Making Leaf Mould

There are a lot of trees in the Priory gardens.  Six very big oak trees, six big weeping willows, two large ash trees, nigh on twenty alder, half a dozen hornbeam and then various fruit trees, shrubs, hedges and  specimen trees.  In addition there are trees aplenty in the surrounding fields and on the driveway and many, many more along the northern border of the gardens: the river bank.

Part of the north lawn.

You can imagine then how much leaf falls, or is blown, into the garden. That’s right.  A lot.

Leaves blown into submission.

During the first autumn at the Priory, I raked up as many leaves as I could and wheel-barrowed them out to some chicken-wire leaf bins I had made near the driveway.  I did this day after day after day.  I became a grandmaster at leaf-raking.  A leaf-raking virtuoso.  A leaf-raking wunderkind.

Leaves raked into submission

The following year I was able to bring some heavy guns to bear on leaf-mould production.

Leaves mown into submission

For a start, I had the ride-on mower.  This not only swept up large swathes of leaf (while I inspected my fingernails and looked up at pretty clouds), it shredded them too, speeding up their breakdown.
My second big leaf-mould production aid was a powerful Stihl leaf blower.  I am now able to blow leaves out of the drainage ditches, off paths and beds and onto the lawns from where they can be either raked up or ‘mown-up’.  (I try and keep the leaves out of the ditches as I don’t want them being washed out into the ponds.  The latter are silted up enough).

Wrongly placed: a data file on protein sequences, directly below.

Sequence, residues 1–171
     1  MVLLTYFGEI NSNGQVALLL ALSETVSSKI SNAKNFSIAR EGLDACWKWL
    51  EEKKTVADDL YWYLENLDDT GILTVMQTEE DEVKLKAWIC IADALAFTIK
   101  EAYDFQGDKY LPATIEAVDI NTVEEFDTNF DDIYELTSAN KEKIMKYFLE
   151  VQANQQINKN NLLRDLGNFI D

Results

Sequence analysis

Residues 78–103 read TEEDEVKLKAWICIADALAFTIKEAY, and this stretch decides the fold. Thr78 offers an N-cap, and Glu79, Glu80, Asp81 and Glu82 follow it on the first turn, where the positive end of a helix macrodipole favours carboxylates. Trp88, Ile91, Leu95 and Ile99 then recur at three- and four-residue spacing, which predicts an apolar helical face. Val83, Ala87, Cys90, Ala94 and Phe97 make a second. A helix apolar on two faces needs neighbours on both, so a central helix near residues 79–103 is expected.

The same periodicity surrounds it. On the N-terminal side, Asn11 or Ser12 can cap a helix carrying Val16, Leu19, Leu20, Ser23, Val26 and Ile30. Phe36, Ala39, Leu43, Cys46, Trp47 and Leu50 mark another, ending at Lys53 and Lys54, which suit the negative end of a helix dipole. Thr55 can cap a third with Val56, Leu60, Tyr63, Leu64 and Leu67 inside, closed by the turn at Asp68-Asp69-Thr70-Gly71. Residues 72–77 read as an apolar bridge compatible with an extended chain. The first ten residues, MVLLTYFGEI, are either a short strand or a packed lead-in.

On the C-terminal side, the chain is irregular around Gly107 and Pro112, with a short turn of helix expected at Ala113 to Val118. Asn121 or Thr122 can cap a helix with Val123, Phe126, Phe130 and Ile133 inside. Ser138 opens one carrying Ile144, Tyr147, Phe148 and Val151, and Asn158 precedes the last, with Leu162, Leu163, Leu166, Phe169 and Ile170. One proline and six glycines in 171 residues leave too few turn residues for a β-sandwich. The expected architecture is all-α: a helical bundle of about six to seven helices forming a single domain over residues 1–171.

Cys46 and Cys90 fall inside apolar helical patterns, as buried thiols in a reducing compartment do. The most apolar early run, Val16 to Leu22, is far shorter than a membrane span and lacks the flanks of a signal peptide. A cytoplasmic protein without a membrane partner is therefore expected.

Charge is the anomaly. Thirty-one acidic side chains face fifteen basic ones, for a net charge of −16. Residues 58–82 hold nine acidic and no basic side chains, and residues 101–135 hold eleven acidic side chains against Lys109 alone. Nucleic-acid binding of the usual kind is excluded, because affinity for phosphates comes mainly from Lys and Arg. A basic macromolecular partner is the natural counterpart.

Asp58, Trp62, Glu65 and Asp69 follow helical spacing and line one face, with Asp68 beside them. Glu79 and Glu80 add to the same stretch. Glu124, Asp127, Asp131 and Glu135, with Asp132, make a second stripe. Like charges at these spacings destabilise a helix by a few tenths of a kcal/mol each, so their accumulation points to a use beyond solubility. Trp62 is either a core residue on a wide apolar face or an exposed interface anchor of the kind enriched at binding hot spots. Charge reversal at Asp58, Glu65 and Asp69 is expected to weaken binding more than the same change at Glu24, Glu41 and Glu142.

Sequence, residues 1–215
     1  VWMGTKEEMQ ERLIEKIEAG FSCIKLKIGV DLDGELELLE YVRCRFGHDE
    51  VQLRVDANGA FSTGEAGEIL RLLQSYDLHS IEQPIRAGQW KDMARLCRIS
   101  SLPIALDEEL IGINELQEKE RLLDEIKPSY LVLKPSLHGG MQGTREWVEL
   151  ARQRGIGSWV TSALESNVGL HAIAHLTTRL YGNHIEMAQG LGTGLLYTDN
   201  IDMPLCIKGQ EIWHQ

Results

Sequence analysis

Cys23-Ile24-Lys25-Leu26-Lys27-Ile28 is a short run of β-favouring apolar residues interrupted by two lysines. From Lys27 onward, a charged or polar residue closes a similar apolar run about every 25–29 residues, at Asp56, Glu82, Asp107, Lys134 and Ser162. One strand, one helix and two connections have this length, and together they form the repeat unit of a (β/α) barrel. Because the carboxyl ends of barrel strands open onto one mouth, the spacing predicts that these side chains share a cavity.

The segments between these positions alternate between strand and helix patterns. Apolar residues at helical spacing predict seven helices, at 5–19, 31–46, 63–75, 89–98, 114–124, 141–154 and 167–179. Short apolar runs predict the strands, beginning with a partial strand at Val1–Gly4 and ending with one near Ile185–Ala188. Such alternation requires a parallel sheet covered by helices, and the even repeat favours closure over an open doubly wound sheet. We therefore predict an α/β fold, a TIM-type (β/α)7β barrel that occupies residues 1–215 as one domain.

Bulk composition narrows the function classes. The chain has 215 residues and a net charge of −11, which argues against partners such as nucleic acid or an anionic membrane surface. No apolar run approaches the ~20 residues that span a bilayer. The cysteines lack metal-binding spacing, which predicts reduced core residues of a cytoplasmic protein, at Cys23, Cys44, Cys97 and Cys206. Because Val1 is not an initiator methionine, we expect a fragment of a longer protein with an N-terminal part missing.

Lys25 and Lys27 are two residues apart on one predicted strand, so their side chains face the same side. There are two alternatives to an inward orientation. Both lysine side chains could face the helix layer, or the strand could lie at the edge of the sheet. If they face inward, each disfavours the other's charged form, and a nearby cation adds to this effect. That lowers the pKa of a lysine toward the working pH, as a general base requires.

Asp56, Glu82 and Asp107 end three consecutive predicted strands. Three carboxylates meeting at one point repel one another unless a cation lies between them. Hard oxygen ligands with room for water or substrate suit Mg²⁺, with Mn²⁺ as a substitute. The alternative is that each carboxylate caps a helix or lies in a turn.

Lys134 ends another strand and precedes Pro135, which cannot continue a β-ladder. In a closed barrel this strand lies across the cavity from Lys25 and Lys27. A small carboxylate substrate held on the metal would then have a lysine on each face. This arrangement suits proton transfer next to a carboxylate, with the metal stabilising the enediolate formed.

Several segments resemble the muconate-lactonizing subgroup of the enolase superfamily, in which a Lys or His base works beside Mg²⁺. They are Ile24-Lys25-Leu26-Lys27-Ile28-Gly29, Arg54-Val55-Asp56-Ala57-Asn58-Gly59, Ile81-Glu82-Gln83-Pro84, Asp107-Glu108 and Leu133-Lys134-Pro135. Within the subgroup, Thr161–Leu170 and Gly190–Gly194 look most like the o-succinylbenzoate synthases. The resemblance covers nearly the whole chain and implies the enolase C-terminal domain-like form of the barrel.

The Stihl is so powerful, I have inadvertently lifted chunks of tarmac with it.

As I’ve written elsewhere, I currently use two of the Priory’s seven compost bins for leaf mould.  But I’m short on composting space and so yesterday I quickly had to make a chicken-wire leaf mould container.

Not a thing of great beauty but with the Devil snapping at my hindmost, I had to quickly get it built.

Easily made from four posts and a length of chicken wire, this temporary bin will hold a remarkable amount.  I will dismantle it in a few weeks when there is room once again in the compost bins.

I only have one available bin for leaf at the moment, while the bin on the right still holds last year’s.

You’ll have to take my word that this stuff is full of worms.  With the recent frosts they’ve dived for cover.  Run silent, run deep.  Each year, I buy in several cubic metres of mushroom compost, as a soil improver and mulch.  But, given that I have a full bin (five feet x eight feet x three feet) of compost and a full bin of leaf mould, I think this year I won’t need to. Maybe, for the first time, I will be self-sufficient in compost and ‘mould.    If that’s the case all that raking might just be worth it.

Composting the Priory

I like making compost bins.  I can’t seem to stop.  Stick me in a garden and before you can say, “Sticky Toffee Pudding,” I’ll have knocked up a range of ‘bins.   Whether you want me to or not – I just keep on building them:


whether at the other garden I tend;

My own garden with partially built compost bins on left with raised veg beds, olive tree and Jim, Spring 2011

in my garden;

The Priory compost bins, with mixed hedging on left – freshly cut a few weeks ago with clippings waiting to be burnt in foreground

or at the Priory.  I’ve written about the compost bins at the Priory before (see “Compost, Compost and Yet More Compost“).  They sit out on the footpath over on the western boundary.